“Presence of some participants was completely against the list of what was agreed upon,” Mujahid told Reuters over phone, adding that the delegation included Afghans working for the government.

The Taliban have repeatedly refused to meet President Ashraf Ghani’s government, which they call a puppet regime, but have held several rounds of peace talks with U.S. officials.

Ghani said Wednesday the 250-member Afghan delegation included some government officials attending in a personal capacity. But the group did not include some of the most powerful figures in Afghan politics, who are reluctant to join forces with Ghani ahead of presidential elections due in September.

~~~

https://www.reuters.com/article/us-afghanistan-taliban/peace-talks-postponed-as-taliban-objects-to-size-of-afghan-delegation-idUSKCN1RU0W2

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taliban face u.s. at peace talks

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by Mujib Mashal

New York Times

March 26, 2019

~~~

DOHA, Qatar — When the United States invaded Afghanistan in 2001 and toppled the Taliban government, even those who surrendered were treated as terrorists: handcuffed, hooded and shipped to the American detention camp in Guantánamo Bay, Cuba.

Now, in a stark demonstration of the twists and contradictions of the long American involvement in Afghanistan, five of those men are sitting across a negotiating table from their former captors, part of the Taliban team discussing the terms of an American troop withdrawal.

“During our time in Guantánamo, the feeling was with us that we had been brought there unjustly and that we would be freed,” said one of the former detainees, Mullah Khairullah Khairkhwa. “But it never occurred to me that one day there would be negotiations with them, and I would be sitting there with them on one side and us on the other.”

The five senior Taliban officials were held at Guantánamo for 13 years before catching a lucky break in 2014. They were exchanged for Sgt. Bowe Bergdahl, the only known American service member to be held by the insurgents as a prisoner of war.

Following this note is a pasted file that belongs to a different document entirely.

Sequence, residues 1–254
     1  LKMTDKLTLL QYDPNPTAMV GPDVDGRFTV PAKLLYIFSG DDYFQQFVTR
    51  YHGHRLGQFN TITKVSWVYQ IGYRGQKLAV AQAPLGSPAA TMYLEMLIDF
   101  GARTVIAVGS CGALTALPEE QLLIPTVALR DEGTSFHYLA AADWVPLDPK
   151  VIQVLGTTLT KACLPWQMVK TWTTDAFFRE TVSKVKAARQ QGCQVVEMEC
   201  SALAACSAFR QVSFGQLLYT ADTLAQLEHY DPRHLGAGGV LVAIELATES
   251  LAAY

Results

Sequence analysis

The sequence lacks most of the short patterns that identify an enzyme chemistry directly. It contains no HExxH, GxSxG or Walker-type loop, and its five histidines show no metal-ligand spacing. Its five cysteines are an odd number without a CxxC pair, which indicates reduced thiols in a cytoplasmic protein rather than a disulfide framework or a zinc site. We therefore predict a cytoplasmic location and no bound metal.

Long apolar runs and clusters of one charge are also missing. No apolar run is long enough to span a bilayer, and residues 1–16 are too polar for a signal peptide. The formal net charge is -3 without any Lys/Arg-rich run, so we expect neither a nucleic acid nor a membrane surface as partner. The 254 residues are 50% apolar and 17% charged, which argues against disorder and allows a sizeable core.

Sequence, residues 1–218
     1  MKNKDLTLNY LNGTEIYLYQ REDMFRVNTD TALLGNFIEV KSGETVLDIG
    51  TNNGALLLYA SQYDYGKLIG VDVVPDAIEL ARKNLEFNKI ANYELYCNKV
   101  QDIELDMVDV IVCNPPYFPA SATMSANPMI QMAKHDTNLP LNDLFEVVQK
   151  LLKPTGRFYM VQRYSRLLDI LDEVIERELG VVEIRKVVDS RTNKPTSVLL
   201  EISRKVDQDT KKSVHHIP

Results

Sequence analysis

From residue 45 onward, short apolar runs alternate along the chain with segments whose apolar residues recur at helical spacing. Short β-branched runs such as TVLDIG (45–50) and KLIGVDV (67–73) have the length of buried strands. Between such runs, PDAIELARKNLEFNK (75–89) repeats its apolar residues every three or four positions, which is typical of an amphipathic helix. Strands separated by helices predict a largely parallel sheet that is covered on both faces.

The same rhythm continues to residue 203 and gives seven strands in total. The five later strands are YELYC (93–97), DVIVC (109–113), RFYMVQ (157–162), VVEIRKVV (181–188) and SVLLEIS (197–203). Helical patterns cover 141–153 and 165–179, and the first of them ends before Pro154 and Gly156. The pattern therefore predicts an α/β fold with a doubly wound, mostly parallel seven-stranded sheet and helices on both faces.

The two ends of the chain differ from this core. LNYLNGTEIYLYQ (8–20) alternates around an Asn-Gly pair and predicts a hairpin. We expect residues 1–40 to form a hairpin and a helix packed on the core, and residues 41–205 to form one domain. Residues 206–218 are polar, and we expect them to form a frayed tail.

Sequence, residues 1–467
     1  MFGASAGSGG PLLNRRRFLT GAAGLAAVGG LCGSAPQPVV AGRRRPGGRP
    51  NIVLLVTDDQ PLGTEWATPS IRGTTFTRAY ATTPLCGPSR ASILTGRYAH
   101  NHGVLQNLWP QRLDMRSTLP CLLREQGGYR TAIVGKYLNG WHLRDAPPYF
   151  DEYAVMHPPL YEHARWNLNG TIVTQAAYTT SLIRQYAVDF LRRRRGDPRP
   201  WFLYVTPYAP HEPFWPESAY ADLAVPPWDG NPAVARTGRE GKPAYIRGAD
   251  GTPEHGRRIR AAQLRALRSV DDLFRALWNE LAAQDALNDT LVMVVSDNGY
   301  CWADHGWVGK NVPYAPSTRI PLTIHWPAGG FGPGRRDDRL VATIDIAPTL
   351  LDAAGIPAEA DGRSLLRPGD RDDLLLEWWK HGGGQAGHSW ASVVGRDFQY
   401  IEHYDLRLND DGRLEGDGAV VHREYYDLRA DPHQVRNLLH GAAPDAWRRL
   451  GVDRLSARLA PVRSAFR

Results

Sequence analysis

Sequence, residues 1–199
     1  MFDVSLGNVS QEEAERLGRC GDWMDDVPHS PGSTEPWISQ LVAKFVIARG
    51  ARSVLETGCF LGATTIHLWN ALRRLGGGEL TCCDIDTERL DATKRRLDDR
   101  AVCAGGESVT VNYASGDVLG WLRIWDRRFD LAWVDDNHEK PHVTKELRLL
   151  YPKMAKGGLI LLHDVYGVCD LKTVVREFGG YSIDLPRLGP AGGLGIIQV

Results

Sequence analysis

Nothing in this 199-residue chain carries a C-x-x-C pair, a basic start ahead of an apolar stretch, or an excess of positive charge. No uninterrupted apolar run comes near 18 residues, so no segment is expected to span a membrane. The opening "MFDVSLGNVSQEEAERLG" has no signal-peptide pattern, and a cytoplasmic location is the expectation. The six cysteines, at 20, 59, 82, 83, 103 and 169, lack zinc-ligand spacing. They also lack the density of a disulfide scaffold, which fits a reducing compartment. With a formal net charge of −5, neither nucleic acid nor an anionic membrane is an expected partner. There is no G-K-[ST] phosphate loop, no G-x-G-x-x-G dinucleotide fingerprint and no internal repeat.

In recent months, as the Americans and militants took up intense negotiations to try to end the conflict in Afghanistan, the Taliban leadership made a point of including the former prisoners. Each day during the recent round of talks in Doha, Qatar, the five men sat face to face with American diplomats and generals.

During days of slow and at times frustrated discussions at the most recent session, which ended on March 12, it was the Taliban side that was often more emotional. Some gave impassioned speeches about how vital it was that the Americans completely leave Afghanistan in as little as six months.

The usual response from the American side, led by senior envoy Zalmay Khalilzad, was to give detailed technical explanations about why withdrawing was complex and needed to be slower, perhaps over years.

But other than Mullah Khairkhwa, the former detainees seemed more reluctant to speak, officials involved in the talks said. When they did address the group, they seemed less harsh or strident than some of the other Taliban negotiators, perhaps mellowed by years of hardship or wary that their freedom could be fragile. Over the past few years, they have stayed in Doha and have been reunited with their families, but remain under watch by the Qatari authorities at the request of the United States.

The five former Guantánamo detainees had varying roles during the Taliban government reign. Mullah Khairkhwa served as a governor and acting minister of interior. Abdul Haq Wasiq was deputy minister of intelligence.

Perhaps the most infamous figure in the group is Mullah Fazel Mazloom, a front-line commander who was also chief of the Taliban army. While accusations of human rights abuses by the others have generally remained vague, there seems to be considerably more evidence against Mullah Mazloom, who is accused of mass killings and scorched-earth brutality.

During an initial tribunal hearing at Guantánamo — The New York Times obtained the transcript via the Freedom of Information Act — Mullah Mazloom (his last name means “meek”) showed no remorse.

“There is a 25-year war person to person, village by village, city by city, province by province, and tribe against tribe,” he told the tribunal. “If you think this is a crime, then every person in Afghanistan should be in prison.”

Still, he insisted: “I never fought against the new government. I never fought against America.”

In their introductions around the table as negotiations started last month, the five men held up their detention at Guantánamo as the most important part of their identity.

“In important moments like this, my own personal troubles don’t come to mind,” Mullah Khairkhwa said in the interview, after the negotiations had ended. “I am really not thinking about who is sitting across from me and what they had done to me.”

“What is important is what we are talking about,” he said, “and what is in it for our interests, for our goal and for our country.”

The men’s Guantánamo files include several notations about uncooperative behavior and instigations, including throwing milk at guards and tearing up their mattresses in protest.

Listed in Mullah Khairkhwa’s record, along with making disruptive noises or refusing to eat or shower at times, is this: trying to kill himself and urging others to kill themselves. But in his tribunal hearing, Mr. Khairkhwa denied having done so.